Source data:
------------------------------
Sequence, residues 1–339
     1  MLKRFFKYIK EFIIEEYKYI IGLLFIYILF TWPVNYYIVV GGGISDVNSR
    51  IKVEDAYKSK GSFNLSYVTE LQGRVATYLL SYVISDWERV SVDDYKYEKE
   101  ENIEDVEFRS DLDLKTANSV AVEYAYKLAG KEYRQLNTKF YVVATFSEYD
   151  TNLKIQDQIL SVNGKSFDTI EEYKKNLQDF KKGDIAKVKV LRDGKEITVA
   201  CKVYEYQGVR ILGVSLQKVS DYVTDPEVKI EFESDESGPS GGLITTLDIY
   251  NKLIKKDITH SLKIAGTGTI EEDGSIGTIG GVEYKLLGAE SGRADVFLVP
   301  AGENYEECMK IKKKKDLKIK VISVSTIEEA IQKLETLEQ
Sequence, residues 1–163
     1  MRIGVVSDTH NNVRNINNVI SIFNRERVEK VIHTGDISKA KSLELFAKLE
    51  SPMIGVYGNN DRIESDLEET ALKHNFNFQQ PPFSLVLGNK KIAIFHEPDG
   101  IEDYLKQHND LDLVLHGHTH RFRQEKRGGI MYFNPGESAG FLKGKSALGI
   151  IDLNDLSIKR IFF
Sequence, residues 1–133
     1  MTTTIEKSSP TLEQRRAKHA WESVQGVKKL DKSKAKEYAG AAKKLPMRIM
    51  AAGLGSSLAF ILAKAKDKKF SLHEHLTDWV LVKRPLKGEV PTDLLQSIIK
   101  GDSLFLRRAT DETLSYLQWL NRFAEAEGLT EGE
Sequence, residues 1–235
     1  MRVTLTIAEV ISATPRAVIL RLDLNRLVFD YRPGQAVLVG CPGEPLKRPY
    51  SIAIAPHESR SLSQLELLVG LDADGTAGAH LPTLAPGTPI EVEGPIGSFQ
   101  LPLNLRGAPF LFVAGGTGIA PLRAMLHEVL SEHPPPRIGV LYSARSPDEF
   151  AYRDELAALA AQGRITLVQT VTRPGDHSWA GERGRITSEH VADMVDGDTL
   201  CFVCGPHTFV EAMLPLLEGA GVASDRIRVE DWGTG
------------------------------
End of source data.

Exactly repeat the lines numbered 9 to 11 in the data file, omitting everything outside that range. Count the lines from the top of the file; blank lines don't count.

Sequence, residues 1–163
     1  MRIGVVSDTH NNVRNINNVI SIFNRERVEK VIHTGDISKA KSLELFAKLE
    51  SPMIGVYGNN DRIESDLEET ALKHNFNFQQ PPFSLVLGNK KIAIFHEPDG